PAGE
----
It’s the end of the year and time for my wife, Barbara, to sum up our bookstore’s sales. There are some interesting results that I’d like to share with all of you.
First of all, the typical customers are in their forties and older. The younger people are, the less likely they are to buy books. Of course some younger people still do, but overall, the book buying populations tends to be older.
The preponderance of children’s book buyers are grandparents. The parents tend to buy electronics. One interesting factor is how many grandparents want to buy books they read when they were kids. Although a few are still in print, they don’t hold the interest of the younger population.
Another interesting fact: 55% of young adults books are bought by adults who prefer reading that genre. So many adults do not have enough time to read as much as they would like. They find young adult books are easy and quick reads with fast developing plots. They are easier to fit into their schedules.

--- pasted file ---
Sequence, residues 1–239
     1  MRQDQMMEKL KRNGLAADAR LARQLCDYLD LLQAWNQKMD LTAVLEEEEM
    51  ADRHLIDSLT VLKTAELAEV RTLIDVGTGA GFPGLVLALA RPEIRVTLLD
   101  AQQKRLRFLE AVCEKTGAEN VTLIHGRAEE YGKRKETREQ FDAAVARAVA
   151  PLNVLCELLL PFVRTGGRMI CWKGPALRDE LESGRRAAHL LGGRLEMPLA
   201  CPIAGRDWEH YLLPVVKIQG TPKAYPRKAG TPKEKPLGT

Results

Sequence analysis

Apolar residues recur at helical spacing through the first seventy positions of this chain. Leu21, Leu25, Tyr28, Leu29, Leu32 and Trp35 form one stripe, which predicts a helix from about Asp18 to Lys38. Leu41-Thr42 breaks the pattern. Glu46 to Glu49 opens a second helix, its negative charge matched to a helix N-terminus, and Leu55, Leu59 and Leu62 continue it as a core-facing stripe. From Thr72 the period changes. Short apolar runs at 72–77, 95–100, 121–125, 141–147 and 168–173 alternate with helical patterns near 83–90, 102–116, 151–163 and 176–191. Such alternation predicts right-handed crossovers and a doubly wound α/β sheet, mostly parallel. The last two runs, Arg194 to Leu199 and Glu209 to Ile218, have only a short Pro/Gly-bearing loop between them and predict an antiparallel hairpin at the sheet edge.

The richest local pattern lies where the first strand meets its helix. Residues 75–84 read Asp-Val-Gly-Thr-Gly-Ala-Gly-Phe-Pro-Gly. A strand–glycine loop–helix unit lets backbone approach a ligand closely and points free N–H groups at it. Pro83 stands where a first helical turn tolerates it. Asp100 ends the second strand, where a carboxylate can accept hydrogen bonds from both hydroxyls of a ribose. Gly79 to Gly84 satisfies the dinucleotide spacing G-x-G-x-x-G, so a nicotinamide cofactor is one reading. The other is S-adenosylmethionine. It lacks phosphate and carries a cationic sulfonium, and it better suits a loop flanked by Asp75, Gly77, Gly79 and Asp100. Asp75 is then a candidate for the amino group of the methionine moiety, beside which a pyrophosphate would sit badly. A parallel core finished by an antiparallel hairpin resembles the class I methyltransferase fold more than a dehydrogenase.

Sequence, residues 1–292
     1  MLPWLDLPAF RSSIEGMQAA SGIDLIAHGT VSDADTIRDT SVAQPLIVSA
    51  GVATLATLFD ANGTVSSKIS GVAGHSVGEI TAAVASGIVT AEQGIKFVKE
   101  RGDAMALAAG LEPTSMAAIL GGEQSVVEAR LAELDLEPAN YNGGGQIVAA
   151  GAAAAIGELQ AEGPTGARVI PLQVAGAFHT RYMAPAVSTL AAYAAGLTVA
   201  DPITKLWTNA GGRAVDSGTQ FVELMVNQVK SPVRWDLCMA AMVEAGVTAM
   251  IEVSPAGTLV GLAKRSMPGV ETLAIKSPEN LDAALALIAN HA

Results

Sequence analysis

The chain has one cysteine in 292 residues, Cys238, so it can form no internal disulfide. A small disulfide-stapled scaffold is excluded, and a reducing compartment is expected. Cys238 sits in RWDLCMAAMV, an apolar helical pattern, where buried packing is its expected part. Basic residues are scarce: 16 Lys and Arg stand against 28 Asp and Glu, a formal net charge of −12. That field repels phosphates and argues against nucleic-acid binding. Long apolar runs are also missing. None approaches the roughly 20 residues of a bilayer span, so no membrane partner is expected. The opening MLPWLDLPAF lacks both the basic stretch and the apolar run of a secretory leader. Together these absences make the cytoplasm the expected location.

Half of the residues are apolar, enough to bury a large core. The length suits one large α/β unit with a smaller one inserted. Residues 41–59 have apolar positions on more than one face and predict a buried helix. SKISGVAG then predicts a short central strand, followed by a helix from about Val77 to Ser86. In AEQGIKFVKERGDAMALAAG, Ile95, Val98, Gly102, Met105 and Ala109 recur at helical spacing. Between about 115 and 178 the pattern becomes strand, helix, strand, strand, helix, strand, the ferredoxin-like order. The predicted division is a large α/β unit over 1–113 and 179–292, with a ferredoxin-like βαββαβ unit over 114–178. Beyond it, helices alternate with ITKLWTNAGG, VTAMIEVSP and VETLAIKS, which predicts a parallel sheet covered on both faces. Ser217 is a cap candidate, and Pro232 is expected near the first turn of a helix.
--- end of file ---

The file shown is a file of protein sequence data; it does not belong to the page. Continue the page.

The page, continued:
My last article addressed the trends of ebooks, which are having a definite impact on shopping habits. Internet sales are also taking their toll. The current group of young readers, our potential future group of shoppers, are actually being given tablets or readers by their schools. There are some youngsters who have never read a printed book. This does not bode well for bookstores or major publishers.
One interesting trend has been major publishers who have insisted on charging as much for ebooks as they do for printed paperbacks. To me, that is simply greed, because it costs much less to publish an ebook than a printed version, especially since they are producing a printed version anyway. One device they have invented is the “Agency” model, where they dictate to bookstores a 30% rather than a standard 40% discount rate and no discounting the standard retail price. This has come under fire by the Federal Trad Commission in several court battles.
Yes, the book industry is in turmoil. The only easy prediction to make is that the ways to publish and market books will be changing drastically. It is my guess that the days of independent bookstores are numbered. Oh well, I’ve been trying to talk my wife into retiring for several years now.